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Research – Development – Innovation

The STIMTAC Project

STIMTAC is a TouchPad-like tactile display

The offer of output devices for computer environments is growing and their performances improve regularly. Apart from the popular visual or auditive devices, the use of force feedback is becoming more widespread and helps users to interact with computer applications. Yet, a specific stimulation of the finger pulp is not often provided by those interfaces. Touch feeling is thus missing, hence a lack of realism as applications don’t take advantage of the tactile channel. There is therefore a need for tactile stimulators compact enough in size to be naturally integrated into a desktop computer, while providing tactile illusions sufficiently realistic to simulate different surface textures.

squeeze filmPrinciple

How does it work ?

The idea is to make the surface interacting with the user’s finger vibrate at a controlled amplitude so as to modify the friction. Indeed, when the surface is vibrated fast enough parallel to itself, like a loudspeaker membrane would, the air trapped between the finger and the surface forms an air cushion called squeeze film that modifies the contact friction coefficient. By controlling the vibration’s amplitude according to the position of the user’s finger on the surface, various textures can be simulated.

In practice though, vibrating the surface in such a way at ultrasonic frequencies (to avoid audible annoyance) is very difficult. Actually, it has been observed that a similar effect can be obtained if a standing wave distorts the surface, which is easily and efficiently done at resonance of an elastic plate for instance. As long as the wavelength is short enough (10-20 mm), an amplitude of 1 µm to 2 µm is sufficient for the effect to be felt uniformly on the surface.

résonnanceResonance reduces the power requirement


2004 : Prehistoric time.
First prototype of StimTac used a free stator of an Ultrasonic Motor called USR60. This ring shaped resonator can provide 3 μm vibrations at 40 kHz. A plastic tape was bonded to level the touched surface to eliminate the effect of the teeth machined on the original stator. A Linear Variable Differential Transformer (LVDT) sensor was used to detect fingertip’s position. This solution was far from optimal: measurement was limited to one direction, required to be attached to the finger, and the accuracy of the contact area’s position was poor.

stator equipe commande2004 : stator of USR60

equipe commande2007 : prototypes made at the lab

2007: First prototypes made at the lab.
The purpose of StimTac was to produce a tactile device which could render good tactile stimulation, while being as compact as possible. At the time, the « Squeeze film effect » was found to be the main interaction process between the vibrating plate and the fingertip. Thanks to the modeling developed at the lab, a specific prototype was then manufactured. The design resulted in a plate excited by piezoelectric ceramics to obtain a stationary modal shape. Width and length were designed in order to promote the squeeze film.

2008: A portable tactile stimulator.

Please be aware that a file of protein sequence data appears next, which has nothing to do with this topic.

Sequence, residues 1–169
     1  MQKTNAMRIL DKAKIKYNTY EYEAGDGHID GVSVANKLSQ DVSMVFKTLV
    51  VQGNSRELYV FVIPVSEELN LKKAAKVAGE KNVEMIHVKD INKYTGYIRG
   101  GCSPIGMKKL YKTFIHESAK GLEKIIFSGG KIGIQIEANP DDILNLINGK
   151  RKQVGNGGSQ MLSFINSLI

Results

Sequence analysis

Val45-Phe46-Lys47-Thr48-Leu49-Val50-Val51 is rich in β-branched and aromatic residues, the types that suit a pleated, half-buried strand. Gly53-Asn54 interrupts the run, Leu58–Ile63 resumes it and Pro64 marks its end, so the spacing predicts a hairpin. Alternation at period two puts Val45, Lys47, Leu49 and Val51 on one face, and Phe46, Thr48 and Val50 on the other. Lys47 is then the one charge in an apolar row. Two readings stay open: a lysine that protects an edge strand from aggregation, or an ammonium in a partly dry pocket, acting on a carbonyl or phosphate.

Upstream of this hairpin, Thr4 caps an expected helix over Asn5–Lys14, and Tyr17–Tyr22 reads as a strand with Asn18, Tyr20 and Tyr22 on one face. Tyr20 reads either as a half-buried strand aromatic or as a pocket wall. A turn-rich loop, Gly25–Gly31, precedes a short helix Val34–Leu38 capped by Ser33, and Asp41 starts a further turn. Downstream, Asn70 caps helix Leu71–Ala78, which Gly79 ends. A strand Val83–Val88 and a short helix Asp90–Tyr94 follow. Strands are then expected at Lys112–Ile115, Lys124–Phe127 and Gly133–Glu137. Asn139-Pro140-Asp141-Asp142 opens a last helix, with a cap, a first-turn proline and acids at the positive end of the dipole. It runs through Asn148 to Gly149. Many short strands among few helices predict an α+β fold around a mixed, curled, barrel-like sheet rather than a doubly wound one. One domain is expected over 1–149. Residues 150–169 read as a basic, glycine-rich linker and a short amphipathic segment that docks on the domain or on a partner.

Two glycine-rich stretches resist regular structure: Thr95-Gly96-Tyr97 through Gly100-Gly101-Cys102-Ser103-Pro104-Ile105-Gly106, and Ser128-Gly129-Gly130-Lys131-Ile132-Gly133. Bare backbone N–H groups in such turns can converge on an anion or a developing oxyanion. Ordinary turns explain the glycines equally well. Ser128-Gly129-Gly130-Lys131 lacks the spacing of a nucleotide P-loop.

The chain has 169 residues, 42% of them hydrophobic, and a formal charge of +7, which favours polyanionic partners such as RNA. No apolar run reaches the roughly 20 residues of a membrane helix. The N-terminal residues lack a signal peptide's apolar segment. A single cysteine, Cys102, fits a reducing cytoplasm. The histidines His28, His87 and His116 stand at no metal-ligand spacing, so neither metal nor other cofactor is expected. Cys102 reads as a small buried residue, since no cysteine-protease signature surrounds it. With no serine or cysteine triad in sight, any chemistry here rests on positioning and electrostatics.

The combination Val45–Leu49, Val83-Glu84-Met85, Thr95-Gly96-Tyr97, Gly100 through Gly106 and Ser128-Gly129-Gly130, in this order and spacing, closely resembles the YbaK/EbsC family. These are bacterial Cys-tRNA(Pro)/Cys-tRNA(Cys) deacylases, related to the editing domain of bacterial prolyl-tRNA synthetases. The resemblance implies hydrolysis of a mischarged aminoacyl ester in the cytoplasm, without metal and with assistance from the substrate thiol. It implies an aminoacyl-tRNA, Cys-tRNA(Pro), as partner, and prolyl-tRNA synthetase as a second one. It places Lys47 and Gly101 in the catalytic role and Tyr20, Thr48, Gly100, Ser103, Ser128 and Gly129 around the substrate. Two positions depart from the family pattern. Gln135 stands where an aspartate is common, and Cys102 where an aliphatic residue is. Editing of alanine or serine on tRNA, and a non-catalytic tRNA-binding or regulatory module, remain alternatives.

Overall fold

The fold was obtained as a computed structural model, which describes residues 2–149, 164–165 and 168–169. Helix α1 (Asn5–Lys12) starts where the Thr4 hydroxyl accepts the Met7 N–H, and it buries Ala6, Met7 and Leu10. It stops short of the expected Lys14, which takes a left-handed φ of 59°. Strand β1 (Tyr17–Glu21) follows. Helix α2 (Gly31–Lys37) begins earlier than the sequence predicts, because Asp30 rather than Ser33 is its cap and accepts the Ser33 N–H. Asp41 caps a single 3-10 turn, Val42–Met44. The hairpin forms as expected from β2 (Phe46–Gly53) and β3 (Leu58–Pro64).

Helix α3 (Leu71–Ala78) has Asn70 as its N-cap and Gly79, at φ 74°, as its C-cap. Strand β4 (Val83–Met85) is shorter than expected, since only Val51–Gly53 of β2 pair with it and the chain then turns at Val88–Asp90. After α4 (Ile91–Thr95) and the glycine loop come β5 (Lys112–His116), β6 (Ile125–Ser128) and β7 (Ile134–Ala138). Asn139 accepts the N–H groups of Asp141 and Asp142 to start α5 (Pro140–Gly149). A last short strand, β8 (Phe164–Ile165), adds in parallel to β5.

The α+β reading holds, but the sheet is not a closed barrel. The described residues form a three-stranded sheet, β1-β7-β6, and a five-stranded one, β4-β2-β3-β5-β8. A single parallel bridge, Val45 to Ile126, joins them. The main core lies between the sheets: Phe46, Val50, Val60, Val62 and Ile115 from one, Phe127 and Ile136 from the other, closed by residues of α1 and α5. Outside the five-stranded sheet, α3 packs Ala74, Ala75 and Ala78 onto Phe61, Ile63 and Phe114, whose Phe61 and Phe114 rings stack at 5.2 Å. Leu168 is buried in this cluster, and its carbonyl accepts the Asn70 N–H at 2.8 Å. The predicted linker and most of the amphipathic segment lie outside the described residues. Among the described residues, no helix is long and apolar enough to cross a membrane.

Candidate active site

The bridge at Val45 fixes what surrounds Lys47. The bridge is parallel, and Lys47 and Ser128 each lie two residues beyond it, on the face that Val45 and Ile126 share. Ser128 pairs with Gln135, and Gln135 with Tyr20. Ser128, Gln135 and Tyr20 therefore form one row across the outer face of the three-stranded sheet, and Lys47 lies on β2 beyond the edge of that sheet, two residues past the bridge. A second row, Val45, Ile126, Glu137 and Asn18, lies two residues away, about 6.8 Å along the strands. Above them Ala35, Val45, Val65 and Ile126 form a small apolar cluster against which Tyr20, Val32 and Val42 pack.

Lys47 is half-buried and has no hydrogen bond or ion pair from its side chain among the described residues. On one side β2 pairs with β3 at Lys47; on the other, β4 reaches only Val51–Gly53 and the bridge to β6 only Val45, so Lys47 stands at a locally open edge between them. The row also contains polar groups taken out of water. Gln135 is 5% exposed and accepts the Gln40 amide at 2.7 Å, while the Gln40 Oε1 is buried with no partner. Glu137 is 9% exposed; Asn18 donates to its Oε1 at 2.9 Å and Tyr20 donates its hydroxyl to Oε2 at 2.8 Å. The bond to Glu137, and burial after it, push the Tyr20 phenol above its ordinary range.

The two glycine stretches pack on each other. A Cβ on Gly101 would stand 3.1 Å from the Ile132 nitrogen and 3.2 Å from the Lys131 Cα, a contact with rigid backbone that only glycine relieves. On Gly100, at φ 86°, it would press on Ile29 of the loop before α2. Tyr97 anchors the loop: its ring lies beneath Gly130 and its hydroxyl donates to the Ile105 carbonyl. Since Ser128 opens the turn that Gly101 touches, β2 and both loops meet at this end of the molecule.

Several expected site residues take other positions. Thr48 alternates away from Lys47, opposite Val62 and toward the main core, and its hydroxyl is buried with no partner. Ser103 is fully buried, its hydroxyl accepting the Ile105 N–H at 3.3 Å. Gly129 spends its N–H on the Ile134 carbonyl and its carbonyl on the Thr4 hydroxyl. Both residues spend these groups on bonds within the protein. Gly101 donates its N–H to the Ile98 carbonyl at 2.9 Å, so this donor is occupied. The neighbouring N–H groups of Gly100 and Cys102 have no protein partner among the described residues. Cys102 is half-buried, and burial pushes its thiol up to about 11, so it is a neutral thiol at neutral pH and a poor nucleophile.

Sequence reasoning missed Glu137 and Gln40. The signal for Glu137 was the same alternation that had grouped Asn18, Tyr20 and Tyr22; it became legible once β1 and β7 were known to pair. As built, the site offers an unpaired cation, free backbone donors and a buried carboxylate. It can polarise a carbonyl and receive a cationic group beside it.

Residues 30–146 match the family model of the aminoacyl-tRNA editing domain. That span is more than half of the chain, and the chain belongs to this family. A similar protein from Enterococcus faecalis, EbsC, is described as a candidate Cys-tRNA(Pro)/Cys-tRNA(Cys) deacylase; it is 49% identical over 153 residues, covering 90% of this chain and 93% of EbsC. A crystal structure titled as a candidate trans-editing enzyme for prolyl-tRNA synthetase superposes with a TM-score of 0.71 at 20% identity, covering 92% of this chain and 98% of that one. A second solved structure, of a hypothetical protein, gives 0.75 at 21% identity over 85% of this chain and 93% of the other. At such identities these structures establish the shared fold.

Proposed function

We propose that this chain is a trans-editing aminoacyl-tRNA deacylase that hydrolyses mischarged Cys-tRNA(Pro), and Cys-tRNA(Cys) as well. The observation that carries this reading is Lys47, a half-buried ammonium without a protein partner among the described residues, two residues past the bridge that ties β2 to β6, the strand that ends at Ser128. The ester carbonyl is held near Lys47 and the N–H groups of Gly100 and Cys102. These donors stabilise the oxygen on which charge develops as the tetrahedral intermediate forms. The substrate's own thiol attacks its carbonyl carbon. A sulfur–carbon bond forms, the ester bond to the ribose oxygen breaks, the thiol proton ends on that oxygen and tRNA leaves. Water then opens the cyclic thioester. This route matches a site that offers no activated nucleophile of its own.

To operate, Stimtac needs an accurate finger position measurement. In order to get rid of the bulky and inaccurate LVDT sensor, a custom-made optical sensor was used to locate the user’s finger. The sensor was built from two white LEDs, a set of mirrors and a linear 200 dpi CCD array. An on-board DSP computes the centroids of two shadow images created by the user’s finger and transmits them on a serial line as absolute (x; y) coordinates at a rate of 120 Hz. The final resolution of the sensor is 170 dpi due to optical constraints and post-treatments.

proto22008 : Stimtac becomes a portable tactile stimulator

2010: Stimtac is thin, lightweight and sobre.
A re-design to improve energetic efficiency resulted in a new version of Stimtac that reduced the power losses down by 90%. As a result, the tactile plate didn’t heat up anymore, allowing to use the device over long period of time. Moreover, the rated power (0.5W) was sufficiently low to supply it directly from an USB port for instance. Regarding measurements, the optical sensor was abandoned, and replaced by combining force measurements provided by four sensors placed underneath the surface at various locations. These sensors being small, integration into an external touchpad was then possible, moreover force measurement was now available.

prototype stimtac2010 : improvement in power consumption

2012 : Shape, size and transparency.
Current research addresses possible variations around the initial design. For instance, a circular design allows to produce a handheld tactile feedback which can be explored with one thumb.


molette stimtac
A circular design
cartamolette stimtac
The excited radial vibration mode

A miniaturized version implemented on the back of the mouse can simulate the feeling of the notches of the mouse wheel, while providing the possibility to perform bidirectional scrolling.

souris stimtacA miniaturized design integrated in a mouse


Another study aims at increasing the dimensions while preserving the tactile feedback on the whole surface, and keeping the electrical consumption low.

A large standalone
carto stimtac
Experimental vibration mode cartography

Of course, efforts have been made to develop transparent applications so as to see a screen placed beneath to provide feedback on a touchscreen for instance. A glass plate is thus used, and it has been demonstrated that piezoelectric actuation is fully compatible with resistive or capacitive multi touch sensors.

stimtac transparent
A transparent design
dalle capacitive
Appropriately excited, a capacitive touchscreen can provide a tactile feedback

Photo credits : Ircica